In Wilbraham, Massachusetts, the owner of a six-year-old Labrador retriever will not face charges after the dog plunged into the waters of Spec Pond for the Law Enforcement Torch Run Polar Plunge, reports wggb.com.
The controversy, surrounding the event which benefited Special Olympics Massachusetts, centered around photographs taken by an onlooker, which implied the dog named Lincoln had unwillingly been pushed into the freezing waters and submerged.
Allegations of animal cruelty and abuse flew through social media sources quickly leading to hundreds of angry comments on the Wilbraham Police Department Facebook page; so many that the organization removed their social media page temporarily.
On Wednesday, an investigation into the incident by the Town of Wilbraham was announced; a two-page statement outlined what transpired. According to the letter, the Massachusetts Society for the Prevention of Cruelty to Animals was called in as part of the investigation that involved Lincoln the dog, as well as the dog being examined by a licensed veterinarian. The police and the MSPCA,
“discovered that Lincoln is an avid winter swimmer, who often uses a floatation device when jumping into water for a quick swim during ice fishing excursions with his owner. The day of the Polar Plunge, Lincoln was in the water for roughly five to seven seconds. Following Lincoln’s quick swim, he was immediately dried off, brought in a warming area and taken home ten minutes later.”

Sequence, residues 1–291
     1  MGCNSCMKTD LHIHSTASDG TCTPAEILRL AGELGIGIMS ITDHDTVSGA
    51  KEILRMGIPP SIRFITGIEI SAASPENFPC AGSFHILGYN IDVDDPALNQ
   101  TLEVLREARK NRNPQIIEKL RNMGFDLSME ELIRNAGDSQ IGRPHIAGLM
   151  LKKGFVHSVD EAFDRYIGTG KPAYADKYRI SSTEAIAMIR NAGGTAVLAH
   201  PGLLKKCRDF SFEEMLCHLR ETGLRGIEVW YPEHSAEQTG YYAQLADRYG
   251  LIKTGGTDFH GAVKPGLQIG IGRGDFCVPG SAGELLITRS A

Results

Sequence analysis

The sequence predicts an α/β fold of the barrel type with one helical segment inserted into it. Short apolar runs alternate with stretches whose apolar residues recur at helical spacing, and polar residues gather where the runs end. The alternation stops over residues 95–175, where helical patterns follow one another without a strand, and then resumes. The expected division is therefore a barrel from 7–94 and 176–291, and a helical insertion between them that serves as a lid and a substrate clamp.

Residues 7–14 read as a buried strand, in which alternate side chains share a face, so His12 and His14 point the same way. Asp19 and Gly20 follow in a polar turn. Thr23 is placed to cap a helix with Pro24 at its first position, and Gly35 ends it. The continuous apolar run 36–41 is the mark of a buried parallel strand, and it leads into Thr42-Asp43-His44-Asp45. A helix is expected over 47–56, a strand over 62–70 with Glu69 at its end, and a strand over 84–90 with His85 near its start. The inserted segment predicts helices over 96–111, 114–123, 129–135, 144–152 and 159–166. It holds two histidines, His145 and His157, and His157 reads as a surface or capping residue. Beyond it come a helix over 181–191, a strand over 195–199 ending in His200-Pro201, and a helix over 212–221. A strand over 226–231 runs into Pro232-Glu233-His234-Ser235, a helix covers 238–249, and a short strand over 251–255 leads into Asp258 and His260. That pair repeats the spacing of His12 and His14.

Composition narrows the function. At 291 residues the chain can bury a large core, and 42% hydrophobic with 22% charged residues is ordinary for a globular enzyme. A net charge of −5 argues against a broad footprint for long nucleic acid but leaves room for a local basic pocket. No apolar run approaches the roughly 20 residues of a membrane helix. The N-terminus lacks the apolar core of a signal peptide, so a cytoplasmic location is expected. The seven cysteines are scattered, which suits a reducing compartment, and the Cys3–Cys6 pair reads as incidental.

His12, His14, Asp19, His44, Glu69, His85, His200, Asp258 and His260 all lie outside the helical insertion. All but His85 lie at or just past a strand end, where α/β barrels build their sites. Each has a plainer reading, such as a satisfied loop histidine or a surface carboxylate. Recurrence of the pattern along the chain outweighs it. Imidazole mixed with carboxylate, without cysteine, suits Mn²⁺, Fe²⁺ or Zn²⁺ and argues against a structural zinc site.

The statement ended with the Wilbraham Police Department conveying their respect and love for all dogs.
Special Olympics Massachusetts responded to the incident on their Facebook page stating they had
“plans to look into this matter and take the necessary actions to prevent a situation such as this from ever occurring again.”
According to masslive.com, an email from a woman attending the event stated the following:
“The man brought the dog to the water; he ran the other way. Caught the dog, brought him to the water, dog went in. He didn’t throw him or forcefully push him. Dog got out, shook off and rolled in the snow. Then the owner toweled him off and got him dry. My kids pet the dog after all this and we talked to the owner. The dog was fine, wagging his tail, happy to see the kids. Owner said the dogs loves swimming. He was in great shape and not old.”
Probably the best way to solve the problem would be to restrict the Arctic plunge to only human creatures who want to brave the cold waters. Dogs – well – they can dive into icy waters in the privacy of their own homes.
Follow the National Pet Rescue Examiner on Facebook by clicking here or on Twitter. Please visit and “like” my page.